The Albert and Mary Lasker Foundation announced five winners of its coveted annual awards today (September 28), and the awardees were honored in an online celebration on the foundation’s website. The awards, which highlight major developments or findings in biomedical, clinical, and public health research, come with a $250,000 honorarium—and Lasker winners often go on to win Nobel Prizes as well.
The Basic Medical Research Award went to Richard Hynes of the Massachusetts Institute of Technology, Erkki Ruoslahti of Sanford Burnham Prebys Medical Discovery Institute, and Timothy Springer of the Harvard Medical Institute for their work on integrins: proteins that bind cells to the extracellular matrix. The research of all three scientists collectively “launched the field of integrin research,” according to the Lasker Foundation’s announcement. Their work got the ball rolling on anti-inflammatory drugs known as anti-integrins for autoimmune diseases such as Crohn’s disease and ulcerative colitis.
Timothy Springer (right), one of the 2022 Lasker Basic Medical Research awardees, works in the lab with a colleague at the Boston Children’s Hospital.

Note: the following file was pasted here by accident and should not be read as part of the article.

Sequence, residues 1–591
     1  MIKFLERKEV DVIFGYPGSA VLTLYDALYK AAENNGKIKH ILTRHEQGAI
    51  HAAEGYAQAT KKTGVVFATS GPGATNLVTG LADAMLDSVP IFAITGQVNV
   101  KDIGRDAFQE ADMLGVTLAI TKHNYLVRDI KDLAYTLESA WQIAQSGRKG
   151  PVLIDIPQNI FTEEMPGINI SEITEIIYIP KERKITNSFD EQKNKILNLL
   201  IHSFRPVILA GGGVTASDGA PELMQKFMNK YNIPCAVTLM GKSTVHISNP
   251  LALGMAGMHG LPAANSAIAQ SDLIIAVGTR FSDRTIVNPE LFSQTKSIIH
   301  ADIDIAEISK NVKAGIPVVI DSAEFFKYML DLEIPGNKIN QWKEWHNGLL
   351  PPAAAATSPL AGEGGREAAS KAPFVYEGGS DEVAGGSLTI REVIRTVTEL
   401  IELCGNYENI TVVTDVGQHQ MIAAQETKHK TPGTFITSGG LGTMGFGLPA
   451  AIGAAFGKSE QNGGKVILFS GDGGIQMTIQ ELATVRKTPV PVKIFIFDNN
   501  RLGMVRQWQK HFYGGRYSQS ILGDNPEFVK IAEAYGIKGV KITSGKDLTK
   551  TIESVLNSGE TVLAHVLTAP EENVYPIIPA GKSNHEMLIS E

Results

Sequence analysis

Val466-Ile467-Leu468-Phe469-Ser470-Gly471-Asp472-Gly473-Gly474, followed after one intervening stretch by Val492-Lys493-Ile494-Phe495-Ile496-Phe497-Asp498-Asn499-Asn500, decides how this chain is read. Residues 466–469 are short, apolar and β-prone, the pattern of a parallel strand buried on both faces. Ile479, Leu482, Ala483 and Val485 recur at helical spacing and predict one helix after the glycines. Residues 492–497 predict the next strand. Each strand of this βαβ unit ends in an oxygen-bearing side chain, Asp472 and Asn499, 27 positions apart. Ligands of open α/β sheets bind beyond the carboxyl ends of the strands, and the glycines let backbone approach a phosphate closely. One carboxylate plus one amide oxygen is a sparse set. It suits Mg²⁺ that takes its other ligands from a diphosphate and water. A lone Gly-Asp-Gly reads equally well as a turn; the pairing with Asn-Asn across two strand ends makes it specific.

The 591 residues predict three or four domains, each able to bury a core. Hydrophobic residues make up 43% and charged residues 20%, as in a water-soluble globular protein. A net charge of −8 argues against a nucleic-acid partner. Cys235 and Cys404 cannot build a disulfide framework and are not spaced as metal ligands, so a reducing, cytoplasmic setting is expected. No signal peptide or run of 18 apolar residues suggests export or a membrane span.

The Albert and Mary Lasker Foundation
Yuk Ming Dennis Lo, a molecular biologist at the Chinese University of Hong Kong, won the Lasker-DeBakey Clinical Research Award for developing a new technique for prenatal screening. The noninvasive tests use cell-free DNA in maternal blood to detect Down syndrome with almost 99 percent accuracy. Noninvasive prenatal tests lower the risk of miscarriage compared with tests based on amniocentesis; since the launch of Lo’s test in 2011, they have become widely used across the globe not only for Down syndrome, but also trisomies and sex chromosome imbalances, the announcement states.
See “Written in Blood”
This year’s Lasker-Bloomberg Public Service Award honors Lauren Gardner of Johns Hopkins University for leading the creation of the COVID-19 dashboard, which “set a new standard for disseminating authoritative public health data in real time,” according to the foundation’s announcement. The dashboard became a valuable resource for modeling the spread of the disease, as well as for policy-making and individual risk assessment.